And, if you’ve got the time and finances, I encourage you and your wife to attend the conference this organization holds in the summer. I believe it will be in Chicago in 2010. It’s a great place to meet others, visit with med schools, and get great advice both on your pre-med/med school application and med school paths.

Best of luck on your journeys as you progress towards January. And I can’t let this message end without saying “thank you” for your service in our military–you individuals are truly a special breed.


My name is SPC Scott Halquist and I am on the same track you were describing. I am 31 years old and will be applying to USUHS on 01Jun2010 for the school of medicine. I am currently assigned to Brooke Army Medical Center at Fort Sam Houston. I am around AMEDD staff on a regular basis and there has been no indication that an age waiver will be an issue for me. In fact, the school catalog states that if you meet the requirements to become an officer and have a strong application to the school an age waiver will be requested on your behalf.

“Be at least 18 years old at the time of matriculation but no older than 30 as

of June 30 in the year of admission (civilians and enlisted personnel). Applicants

older than 30 years of age may apply to the School of Medicine. If they

are recommended for a position by the admissions committee and approved

by the dean, an age waiver is requested from the Offi ce of the Secretary of

Defense (Health Aff airs) prior to extending an off er.

Meet the requirements for holding a commission in the uniformed services

(see the section Physical Standards)

Be of sound moral character

Be motivated for a medical career in the uniformed services

Meet the academic, intellectual, and personal qualifi cations of the School”

I have done a lot of research on this topic and am determined to get into the school. I would not take no for an answer from them, especially since the new report just came out that AMEDD only filled 33% of their goal for physicain in 2008. I know you are deployed, but if there is anything I can do to help you on this mission please let me know. I am in the right place to ask what ever questions you may have and I am more than willing to do it for you.

I appreciate that thank you for the information as well. I have a profus Doc as a BN sergeon and he went to USUHS. He had said that the only waivers he is aware of are the ones for Officers. but maybe he doesn’t know all the ends and outs he is a young DOC.

SSG Broad,

Thank you for your interest in the Uniformed Services University of the Health Sciences. The age limit for the School of Medicine is 30, meaning the applicant may be no older than 30 by June 30 of the year of matriculation. There are some exceptions to this rule. Age waivers may be requested for civilian or enlisted military personnel. These waivers have a history of being approved up to the age of 33 and disapproved for ages 34 and above. There is an automatic age waiver for commissioned military personnel. The automatic age waivers give one year of waiver for each year of commissioned service time up to age 35. For example, if you were age 34 with 6 years of commissioned service, you would then meet the age requirement (34 years old minus 6 years service = 28 which is below the age limit of 30). However, if you were age 38 with 6 years of commissioned service, you would then exceed the age requirement (38 years old minus 6 years service = 32 which is above the age limit of 30). An additional age waiver may be requested for the excess years; however, each waiver is granted on a case-by-case basis by a tri-service Waiver Authority. Applicants may not contact the Waiver Authority, as they will only coordinate with the University. Enlisted service time is not considered, nor may it be used, for waivers. Please keep in mind that even though it is possible to request an age waiver, the approval rate is not high. The Office of Admissions will notify applicants when it is time to request an age waiver.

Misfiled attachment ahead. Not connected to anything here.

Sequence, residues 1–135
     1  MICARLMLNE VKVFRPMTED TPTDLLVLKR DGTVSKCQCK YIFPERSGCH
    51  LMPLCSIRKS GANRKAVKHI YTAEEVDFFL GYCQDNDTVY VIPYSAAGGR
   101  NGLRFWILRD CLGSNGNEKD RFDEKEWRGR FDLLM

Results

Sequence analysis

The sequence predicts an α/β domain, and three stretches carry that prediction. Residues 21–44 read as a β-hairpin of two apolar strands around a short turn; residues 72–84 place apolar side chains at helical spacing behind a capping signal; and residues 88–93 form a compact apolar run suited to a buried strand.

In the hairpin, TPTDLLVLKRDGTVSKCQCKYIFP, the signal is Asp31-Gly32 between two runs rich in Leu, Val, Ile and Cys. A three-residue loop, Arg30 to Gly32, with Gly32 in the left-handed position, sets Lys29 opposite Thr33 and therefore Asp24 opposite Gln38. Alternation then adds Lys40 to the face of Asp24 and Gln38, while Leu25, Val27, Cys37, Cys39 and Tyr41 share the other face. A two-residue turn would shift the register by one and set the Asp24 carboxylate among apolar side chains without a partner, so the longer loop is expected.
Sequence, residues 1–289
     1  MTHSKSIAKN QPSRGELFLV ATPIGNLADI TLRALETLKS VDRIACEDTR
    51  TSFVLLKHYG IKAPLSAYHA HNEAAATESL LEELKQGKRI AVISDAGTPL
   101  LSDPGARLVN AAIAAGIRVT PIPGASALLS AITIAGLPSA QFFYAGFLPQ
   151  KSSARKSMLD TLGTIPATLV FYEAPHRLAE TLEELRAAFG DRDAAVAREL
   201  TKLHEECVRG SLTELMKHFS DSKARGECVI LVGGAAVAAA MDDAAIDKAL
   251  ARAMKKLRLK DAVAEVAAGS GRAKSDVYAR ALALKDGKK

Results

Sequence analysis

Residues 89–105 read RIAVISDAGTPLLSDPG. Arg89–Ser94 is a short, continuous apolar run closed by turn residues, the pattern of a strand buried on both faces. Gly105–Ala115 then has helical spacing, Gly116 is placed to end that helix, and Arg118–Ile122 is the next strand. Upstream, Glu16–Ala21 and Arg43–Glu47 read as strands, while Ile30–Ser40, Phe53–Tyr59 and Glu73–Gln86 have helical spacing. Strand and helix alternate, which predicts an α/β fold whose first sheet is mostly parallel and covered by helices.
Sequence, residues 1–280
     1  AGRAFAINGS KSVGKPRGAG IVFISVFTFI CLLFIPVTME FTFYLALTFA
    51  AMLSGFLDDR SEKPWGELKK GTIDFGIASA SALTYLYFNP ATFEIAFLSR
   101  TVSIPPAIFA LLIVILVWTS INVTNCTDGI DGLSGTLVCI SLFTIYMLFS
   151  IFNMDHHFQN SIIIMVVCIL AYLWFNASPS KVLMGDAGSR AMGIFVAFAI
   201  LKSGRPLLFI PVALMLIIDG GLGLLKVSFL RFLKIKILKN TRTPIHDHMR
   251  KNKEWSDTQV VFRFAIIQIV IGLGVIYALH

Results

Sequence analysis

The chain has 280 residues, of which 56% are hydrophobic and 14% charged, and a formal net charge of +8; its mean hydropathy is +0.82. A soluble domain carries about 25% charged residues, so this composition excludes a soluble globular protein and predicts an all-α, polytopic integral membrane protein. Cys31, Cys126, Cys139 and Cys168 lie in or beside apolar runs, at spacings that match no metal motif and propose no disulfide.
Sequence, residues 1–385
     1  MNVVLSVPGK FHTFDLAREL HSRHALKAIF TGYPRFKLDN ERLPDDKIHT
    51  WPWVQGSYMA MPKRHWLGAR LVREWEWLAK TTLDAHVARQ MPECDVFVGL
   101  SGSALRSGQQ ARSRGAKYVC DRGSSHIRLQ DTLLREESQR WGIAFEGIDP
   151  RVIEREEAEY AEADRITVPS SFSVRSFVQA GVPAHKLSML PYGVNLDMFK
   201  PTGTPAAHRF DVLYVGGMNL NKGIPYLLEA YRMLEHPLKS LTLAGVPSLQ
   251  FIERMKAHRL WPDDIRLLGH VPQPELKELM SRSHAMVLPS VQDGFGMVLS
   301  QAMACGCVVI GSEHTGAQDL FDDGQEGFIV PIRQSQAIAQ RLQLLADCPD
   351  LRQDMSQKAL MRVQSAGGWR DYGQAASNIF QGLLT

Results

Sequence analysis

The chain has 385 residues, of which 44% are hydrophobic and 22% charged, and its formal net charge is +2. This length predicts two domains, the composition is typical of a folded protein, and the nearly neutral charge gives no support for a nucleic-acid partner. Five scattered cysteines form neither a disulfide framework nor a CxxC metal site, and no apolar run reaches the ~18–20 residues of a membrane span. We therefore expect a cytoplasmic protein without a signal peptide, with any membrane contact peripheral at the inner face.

Lenora Hamlette

NaShieka Knight

Connie Mayo

Office of Admissions

F. Edward Hebert School of Medicine

Uniformed Services University of the Health Sciences

4301 Jones Bridge Road, Rm A 1041

Bethesda, MD 20814



301-295-3545 fax

295-3101 DSN



I haven’t given up yet I am still working on it and I will apply to this school but I was weighing a lot to get in this school because of finances and I love treating soldiers. That is what I have done for the past 8 years but I am willing to accept going another route. Thank s again for the information. Good luck…

I would love to be in the position you are in right now. I wish I was back in a Medical Center again It is very difficult to stay on top of my nursing skills on the line. That is one thing I hate about the new MOS changes to 68W.